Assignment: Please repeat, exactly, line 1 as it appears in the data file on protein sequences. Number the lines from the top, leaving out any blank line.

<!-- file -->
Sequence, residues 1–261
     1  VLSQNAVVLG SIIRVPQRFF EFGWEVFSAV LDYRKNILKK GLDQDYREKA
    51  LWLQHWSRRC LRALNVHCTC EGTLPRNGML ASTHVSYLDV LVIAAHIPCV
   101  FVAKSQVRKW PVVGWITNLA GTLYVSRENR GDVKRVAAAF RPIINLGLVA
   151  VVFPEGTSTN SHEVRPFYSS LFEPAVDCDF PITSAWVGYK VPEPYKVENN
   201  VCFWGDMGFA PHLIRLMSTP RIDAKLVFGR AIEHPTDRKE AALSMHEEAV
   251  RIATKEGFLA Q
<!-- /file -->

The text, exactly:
Sequence, residues 1–261